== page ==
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What Makes Effective and Ineffective Anti-bullying Programs? With the research looking into anti-bullying programs showing unclear results, parents and schools together must keep working to solve growing problems on school-based bullying. By comparing effective and ineffective programs’ characteristics, anti-bullying advocates can make the first move in subduing a very old problem booming in U.S. schools. What Makes an Ineffective Anti-bullying Program? School systems designating harassment and persistent teasing as “usual” childhood behavior create an environment where negative peer relationships prosper. Ineffective programs leave space for personal interpretation on matters of “girls being themselves” and “boys being themselves.”
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Among the riskiest loopholes in present anti-bullying practice puts the responsibility on victims to push for their needs and defend themselves against bullies. By encouraging victims to stand up to bullies, educators, and even parents, are indirectly saying that the victims’ problems are a result of their own social deficiencies. Moreover, this kind of focus may actually endanger the victims.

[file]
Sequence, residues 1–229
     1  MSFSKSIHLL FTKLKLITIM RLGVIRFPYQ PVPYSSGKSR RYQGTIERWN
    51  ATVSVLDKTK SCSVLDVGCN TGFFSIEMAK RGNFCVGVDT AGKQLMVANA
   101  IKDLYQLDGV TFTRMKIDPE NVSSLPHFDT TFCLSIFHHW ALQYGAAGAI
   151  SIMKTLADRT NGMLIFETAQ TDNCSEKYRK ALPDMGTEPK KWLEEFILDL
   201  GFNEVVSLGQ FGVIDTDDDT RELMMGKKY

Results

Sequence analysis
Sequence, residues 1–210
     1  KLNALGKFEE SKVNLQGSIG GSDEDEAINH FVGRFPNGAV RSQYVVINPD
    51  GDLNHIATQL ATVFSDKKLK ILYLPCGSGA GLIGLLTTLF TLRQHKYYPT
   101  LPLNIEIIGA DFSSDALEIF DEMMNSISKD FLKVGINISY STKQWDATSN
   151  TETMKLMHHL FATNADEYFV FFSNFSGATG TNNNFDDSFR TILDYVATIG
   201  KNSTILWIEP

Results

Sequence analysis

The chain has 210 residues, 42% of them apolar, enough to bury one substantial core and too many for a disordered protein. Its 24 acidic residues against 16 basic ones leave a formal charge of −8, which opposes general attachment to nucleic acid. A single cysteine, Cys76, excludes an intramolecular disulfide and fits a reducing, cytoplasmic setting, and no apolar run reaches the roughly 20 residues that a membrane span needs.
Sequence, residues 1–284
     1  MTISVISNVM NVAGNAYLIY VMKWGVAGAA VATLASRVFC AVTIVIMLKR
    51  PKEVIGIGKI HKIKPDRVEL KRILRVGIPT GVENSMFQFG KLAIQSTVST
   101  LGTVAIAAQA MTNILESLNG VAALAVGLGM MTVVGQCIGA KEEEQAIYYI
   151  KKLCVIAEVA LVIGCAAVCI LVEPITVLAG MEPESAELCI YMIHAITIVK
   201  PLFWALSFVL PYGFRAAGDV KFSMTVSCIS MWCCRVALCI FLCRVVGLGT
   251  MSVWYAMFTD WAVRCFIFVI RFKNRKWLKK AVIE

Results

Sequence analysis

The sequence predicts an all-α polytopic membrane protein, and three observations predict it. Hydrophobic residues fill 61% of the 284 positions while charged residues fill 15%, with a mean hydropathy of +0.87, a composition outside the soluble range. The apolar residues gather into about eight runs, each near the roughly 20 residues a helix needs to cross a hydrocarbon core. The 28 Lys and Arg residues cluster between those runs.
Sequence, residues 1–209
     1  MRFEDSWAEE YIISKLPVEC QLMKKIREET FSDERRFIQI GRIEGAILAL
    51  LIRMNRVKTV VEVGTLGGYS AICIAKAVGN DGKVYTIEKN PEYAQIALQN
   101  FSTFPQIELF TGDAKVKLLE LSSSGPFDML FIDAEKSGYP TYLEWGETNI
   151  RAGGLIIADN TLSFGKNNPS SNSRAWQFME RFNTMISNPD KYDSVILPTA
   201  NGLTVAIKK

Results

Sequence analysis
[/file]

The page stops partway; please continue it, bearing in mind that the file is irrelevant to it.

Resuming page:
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Ineffective bullying prevention programs focus solely on individual bullying incidents. To address the root of bullying, schools should initiate a school culture centered on tolerance and acceptance. Add to that, majority of bullying incidents will go unnoticed by school staff. Quite scary, but because it is impossible to “be everywhere” and “see everything,” options for intervening in all bullying situations are limited. Educators should be firm and consistent with their anti-bullying policies. When the entire institution does not unite against school bullying, students will always find places to bully other students emotionally and physically. What Makes an Effective Anti-bullying Program? Effective anti-bullying programs are geared for the entire school environment and not merely specific peer interactions. Such programs do not just teach proper communication and positive social leadership styles, but even go to the extent of remodeling school hallways and classrooms in ways that encourage a sense of community and acceptance among students. Several programs are designed specifically to work on school environments that are ripe for bullying and generally negative behavior. An effective program uses supports and strategies at every level inside the building — from students and classrooms to bullying-prevention teams made up of educators and students. Some of the best school-based bully prevention programs use a systemic approach, focusing on all level components, from community to individual to classroom to school. In supportive anti-bully programs, perpetrators are isolated. They have zero tolerance for harassment and bullying and pinpoint clear consequences for students who will commit such offenses. One of the most vital, and typically underrepresented, pieces of the anti-bullying puzzle revolves around school and home partnerships. To eradicate bullying, parents and educators should both be consistent against negative peer interactions, and there should be increased communication with parents in the school’s actions against bullying incidents.